Leafcutter ants: carry up to 50x their weight by gripping leaves in their mouths, making them among the world's strongest animals relative to size
Phorid flies parasitize leafcutter ants by laying eggs in their heads. Larvae consume the ant's brain, turning it into a "zombie" until the head falls off, allowing flies to emerge
Leafcutter ants' vibrating jaws generate high-frequency sound waves, enabling them to cut and stiffen leaves, flowers, and foliage with precision.
Leafcutter ants enlist armies of workers to strip entire trees of leaves, carrying up to 110 pounds of plant material per day. They're relentless harvesters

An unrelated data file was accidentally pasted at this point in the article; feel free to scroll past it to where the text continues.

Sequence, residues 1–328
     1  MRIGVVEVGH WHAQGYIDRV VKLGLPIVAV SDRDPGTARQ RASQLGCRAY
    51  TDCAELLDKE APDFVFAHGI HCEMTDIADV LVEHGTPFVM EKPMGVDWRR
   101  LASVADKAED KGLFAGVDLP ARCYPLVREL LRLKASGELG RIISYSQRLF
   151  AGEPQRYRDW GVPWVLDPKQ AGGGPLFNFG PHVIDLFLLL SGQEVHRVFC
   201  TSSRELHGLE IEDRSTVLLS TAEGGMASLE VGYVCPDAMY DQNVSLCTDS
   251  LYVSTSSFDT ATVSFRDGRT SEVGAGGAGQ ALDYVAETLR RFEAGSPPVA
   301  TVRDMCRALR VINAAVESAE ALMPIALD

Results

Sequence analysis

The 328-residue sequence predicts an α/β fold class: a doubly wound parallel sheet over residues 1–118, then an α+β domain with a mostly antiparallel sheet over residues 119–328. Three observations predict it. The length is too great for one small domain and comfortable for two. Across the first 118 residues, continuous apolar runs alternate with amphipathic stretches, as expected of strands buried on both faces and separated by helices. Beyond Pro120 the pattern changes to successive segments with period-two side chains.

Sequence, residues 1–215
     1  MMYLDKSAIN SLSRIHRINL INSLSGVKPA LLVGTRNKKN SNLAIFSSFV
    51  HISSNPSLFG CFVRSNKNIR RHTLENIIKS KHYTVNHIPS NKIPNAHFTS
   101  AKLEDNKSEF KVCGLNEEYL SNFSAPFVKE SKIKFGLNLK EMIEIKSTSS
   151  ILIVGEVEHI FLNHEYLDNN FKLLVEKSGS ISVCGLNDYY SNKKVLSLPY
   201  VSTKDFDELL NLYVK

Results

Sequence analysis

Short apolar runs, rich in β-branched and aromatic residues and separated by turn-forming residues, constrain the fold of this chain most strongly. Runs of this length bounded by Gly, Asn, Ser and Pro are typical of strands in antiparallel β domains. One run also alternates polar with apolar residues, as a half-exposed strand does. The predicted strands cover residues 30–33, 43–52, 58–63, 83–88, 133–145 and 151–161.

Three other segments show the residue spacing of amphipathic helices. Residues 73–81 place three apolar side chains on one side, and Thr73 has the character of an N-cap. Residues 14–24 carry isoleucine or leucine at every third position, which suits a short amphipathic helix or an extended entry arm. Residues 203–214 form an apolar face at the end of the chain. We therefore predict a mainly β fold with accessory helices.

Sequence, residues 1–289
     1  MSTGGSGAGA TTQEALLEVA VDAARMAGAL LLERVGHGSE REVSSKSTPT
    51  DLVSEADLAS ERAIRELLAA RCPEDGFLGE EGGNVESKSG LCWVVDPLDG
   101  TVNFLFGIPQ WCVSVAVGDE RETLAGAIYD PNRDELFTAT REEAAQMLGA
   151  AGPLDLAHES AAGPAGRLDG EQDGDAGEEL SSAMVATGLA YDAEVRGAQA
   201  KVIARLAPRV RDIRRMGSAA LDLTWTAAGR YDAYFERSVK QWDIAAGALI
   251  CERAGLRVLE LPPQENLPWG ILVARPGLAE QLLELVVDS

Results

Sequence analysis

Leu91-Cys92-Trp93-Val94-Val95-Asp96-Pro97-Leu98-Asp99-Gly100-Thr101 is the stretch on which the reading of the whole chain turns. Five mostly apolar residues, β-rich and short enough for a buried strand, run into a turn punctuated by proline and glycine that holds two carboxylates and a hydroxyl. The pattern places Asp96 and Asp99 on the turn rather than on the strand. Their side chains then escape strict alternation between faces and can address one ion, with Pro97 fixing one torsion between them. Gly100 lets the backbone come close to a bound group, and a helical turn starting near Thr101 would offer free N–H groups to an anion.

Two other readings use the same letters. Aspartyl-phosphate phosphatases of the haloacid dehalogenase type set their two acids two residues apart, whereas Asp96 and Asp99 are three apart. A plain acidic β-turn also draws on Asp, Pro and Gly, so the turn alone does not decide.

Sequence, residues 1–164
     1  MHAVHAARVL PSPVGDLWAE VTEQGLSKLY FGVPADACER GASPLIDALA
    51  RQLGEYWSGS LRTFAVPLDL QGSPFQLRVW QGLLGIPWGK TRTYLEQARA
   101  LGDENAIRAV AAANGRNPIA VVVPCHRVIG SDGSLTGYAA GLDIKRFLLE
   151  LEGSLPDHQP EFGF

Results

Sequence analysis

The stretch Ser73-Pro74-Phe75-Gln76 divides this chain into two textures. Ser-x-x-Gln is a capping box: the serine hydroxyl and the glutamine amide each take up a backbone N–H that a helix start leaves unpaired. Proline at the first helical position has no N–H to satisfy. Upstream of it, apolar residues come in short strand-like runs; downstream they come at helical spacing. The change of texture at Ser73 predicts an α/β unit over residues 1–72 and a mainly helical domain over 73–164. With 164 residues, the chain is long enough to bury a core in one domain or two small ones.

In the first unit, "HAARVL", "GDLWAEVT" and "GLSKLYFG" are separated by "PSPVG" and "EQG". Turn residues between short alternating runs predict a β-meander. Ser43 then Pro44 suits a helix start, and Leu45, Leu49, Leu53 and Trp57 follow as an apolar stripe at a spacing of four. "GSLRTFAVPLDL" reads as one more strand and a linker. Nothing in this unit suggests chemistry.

Leafcutter ants tend to their fungus garden by using leaves as fertilizer, benefiting both ants and fungi in a symbiotic relationship
Leafcutter ants combat deadly escovopsis parasites through defensive strategies: acid spray and microbial allies. Balance prevents plant adaptation
Leafcutter ants (Atta and Acromyrmex) form huge colonies with millions of ants, constructing intricate tunnel systems spanning miles
Leafcutter ants communicate plant hazards through chemical messages in their waste, with up to 35% of workers visiting the colony waste dump daily.
Leafcutter ants rely on scent trails, not sight, to navigate and communicate. Scout ants lay trails, attracting more ants and forming super highways for efficient group travel.
Plants near leafcutter ants evolve defenses: tough leaves, fuzziness, or sticky sap. Scientists seek natural ant repellants from studying these adaptations.